Computer Training for the World Series of PokerPlayers around the world are in training using Internet poker sites to prepare for gambling’s biggest challenge.
If Chris Moneymaker’s incredible victory in the 2003 World Series of Poker taught online players anything, it was that all you need to beat the best is the right cards, a pair of gas station sunglasses and a computer.
Moneymaker, you may remember, was the stocky accountant who paid a $40 entry into a tournament at PokerStars.com to win an all-expenses paid ticket into the WSOP. An unknown who took up the game after watching the movie Rounders, the 27-year old bluffed his way past the world’s top pros to a $2.5 million payday in the first land-based tournament of his life.
With poker hotter than ever, there are thousands hoping to follow in Moneymaker’s footsteps. This year’s WSOP at the Rio Las Vegas will feature a staggering 5,000+ players in its No-limit Texas Hold 'em Championship: double the number of competitors in 2004 (and up from 838 in Moneymaker’s day).
Since then, the game’s popularity has experienced a dramatic rise. The online poker monitoring service Pokerpulse.com estimates that the number of online players around the world is over 1.5 million. Most poker room websites sport live player-counters that boast hundreds of live players at any given time, day or night.
If Moneymaker’s success is thanks to a computer, poker’s sudden growth can be explained by two things: ESPN2 and the Internet.
When ESPN2 started televising the WSOP in 2001, their broadcasts opened the game up by showing both player cards and the probability they will better their opponents. Thanks to Internet poker rooms, players either too remote, inexperienced or just plain scared to play in a Vegas-style poker room can play for real cash 24/7.
With so much burgeoning interest in the game, a new ESPN-fuelled generation of players are taking their chances with the ultimate in reality programming using computers to hone their skills.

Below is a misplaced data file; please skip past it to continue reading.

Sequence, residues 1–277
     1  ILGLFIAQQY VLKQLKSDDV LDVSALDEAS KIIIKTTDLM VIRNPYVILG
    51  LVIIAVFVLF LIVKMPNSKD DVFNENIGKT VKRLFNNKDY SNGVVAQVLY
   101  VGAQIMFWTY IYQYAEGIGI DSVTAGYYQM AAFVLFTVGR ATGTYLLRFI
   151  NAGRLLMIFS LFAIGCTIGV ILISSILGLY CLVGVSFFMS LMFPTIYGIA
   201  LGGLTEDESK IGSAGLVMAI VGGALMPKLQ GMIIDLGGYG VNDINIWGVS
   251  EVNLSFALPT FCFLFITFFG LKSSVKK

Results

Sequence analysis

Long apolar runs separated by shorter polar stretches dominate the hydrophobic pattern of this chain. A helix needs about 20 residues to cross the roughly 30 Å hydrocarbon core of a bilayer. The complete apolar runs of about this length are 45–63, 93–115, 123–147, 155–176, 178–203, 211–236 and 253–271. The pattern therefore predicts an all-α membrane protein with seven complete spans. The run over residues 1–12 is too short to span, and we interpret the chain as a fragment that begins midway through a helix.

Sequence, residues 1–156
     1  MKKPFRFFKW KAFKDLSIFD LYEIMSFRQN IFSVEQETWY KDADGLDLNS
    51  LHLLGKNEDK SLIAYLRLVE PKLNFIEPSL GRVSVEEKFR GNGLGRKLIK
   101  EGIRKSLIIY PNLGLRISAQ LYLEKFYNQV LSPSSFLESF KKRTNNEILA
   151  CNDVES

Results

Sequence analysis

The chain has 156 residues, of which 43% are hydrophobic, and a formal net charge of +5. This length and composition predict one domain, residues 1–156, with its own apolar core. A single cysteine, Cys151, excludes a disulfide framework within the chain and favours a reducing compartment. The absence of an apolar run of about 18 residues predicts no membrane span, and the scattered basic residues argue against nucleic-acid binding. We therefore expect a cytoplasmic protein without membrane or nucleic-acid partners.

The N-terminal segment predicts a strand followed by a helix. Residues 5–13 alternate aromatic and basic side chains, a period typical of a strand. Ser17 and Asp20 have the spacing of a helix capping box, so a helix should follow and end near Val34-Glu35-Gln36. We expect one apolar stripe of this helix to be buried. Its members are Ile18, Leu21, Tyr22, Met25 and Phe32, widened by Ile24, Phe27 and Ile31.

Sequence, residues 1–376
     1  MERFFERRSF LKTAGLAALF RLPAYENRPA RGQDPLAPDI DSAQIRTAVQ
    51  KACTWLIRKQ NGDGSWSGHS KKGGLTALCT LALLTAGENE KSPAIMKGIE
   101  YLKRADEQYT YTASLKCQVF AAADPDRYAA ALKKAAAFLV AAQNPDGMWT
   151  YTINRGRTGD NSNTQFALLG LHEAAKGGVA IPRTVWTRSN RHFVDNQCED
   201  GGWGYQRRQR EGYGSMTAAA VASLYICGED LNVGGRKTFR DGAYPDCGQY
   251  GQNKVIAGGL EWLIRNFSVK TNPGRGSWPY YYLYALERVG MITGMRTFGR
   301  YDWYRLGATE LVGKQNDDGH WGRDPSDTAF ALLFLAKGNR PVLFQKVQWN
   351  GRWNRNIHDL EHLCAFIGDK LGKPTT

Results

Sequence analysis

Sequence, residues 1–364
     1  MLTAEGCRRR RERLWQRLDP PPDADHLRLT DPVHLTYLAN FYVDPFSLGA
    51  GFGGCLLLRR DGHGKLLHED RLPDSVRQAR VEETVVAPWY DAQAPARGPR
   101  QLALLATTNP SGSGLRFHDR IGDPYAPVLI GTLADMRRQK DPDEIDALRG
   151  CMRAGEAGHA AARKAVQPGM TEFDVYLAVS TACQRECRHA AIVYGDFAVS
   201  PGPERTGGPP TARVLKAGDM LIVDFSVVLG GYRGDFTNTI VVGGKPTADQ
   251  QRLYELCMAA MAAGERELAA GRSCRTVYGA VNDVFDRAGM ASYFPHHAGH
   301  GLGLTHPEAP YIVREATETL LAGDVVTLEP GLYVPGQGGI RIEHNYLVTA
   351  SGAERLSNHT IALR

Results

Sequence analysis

Ask around the chatroom at PokerStars.com late on a weeknight and it’s not hard to find players who fit the ESPN bill. Many are playing tournaments, sharpening their game and searching for an elusive chair in the WSOP.
One is a player with the online name ‘CanadaEh.’ He’s a young, 20-something male, a self-confessed ‘poker fanatic’ (yet new to the game) and lives in an area (Canadian prairies) where there are no land-based poker rooms. Like so many fellow players, he desperately wants to find a way to prove his moxie against the best in the world.
'Winning cash is great on the site, but I always hope that I'll win the big one someday and get to the WSOP,' says ‘CanadaEh’. “It would be a dream come true to play against poker's greats.”
‘CanadaEh’ plays Texas Hold’em, the game of choice among the pros and the variation used in the WSOP Main Event. He plays it because he too is looking for a spot in the WSOP. Texas Hold’em is a simple game that deals each player two cards and distributes a series of five community cards. After a series of checks, raises and calls, the player with the best traditional poker hand wins. The game features big betting, big swings and gut wrenching decisions where fortunes are made and lost in seconds.
It is also a game that lends itself to fast-paced tournaments.